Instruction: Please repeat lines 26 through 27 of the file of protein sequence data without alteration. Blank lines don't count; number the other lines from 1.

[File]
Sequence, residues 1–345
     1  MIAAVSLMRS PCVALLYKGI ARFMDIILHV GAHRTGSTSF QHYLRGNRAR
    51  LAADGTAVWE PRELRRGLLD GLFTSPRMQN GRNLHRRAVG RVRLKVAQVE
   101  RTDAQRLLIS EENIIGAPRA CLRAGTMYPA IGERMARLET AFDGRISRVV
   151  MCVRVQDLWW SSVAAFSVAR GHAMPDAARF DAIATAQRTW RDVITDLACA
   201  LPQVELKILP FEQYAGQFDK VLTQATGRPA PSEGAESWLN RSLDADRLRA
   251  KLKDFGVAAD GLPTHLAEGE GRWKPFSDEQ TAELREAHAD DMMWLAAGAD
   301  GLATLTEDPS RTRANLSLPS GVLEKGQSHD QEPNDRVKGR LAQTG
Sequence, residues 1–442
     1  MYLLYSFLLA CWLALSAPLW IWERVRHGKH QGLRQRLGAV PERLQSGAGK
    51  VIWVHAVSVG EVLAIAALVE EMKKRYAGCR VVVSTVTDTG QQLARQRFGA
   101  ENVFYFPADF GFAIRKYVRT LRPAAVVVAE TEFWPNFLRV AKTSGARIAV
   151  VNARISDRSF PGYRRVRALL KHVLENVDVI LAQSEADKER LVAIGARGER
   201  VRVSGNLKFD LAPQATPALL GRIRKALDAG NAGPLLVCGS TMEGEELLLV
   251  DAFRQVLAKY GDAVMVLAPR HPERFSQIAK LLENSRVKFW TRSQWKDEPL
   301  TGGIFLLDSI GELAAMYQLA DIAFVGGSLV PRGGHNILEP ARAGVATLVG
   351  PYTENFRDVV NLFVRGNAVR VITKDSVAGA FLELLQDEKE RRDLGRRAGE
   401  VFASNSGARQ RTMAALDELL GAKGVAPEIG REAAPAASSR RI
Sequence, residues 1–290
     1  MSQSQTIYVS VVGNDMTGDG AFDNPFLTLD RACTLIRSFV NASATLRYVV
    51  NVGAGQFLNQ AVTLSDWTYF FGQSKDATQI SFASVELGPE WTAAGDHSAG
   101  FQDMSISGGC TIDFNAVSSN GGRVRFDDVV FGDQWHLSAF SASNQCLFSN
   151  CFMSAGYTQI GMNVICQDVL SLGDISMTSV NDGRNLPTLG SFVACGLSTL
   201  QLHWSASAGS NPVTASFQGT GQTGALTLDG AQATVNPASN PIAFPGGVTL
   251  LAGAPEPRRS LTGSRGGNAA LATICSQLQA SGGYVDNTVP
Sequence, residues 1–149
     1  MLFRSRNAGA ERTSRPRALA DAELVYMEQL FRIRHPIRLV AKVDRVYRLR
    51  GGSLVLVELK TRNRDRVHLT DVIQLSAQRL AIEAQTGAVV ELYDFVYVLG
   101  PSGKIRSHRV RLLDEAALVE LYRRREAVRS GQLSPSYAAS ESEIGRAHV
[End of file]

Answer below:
Sequence, residues 1–149
     1  MLFRSRNAGA ERTSRPRALA DAELVYMEQL FRIRHPIRLV AKVDRVYRLR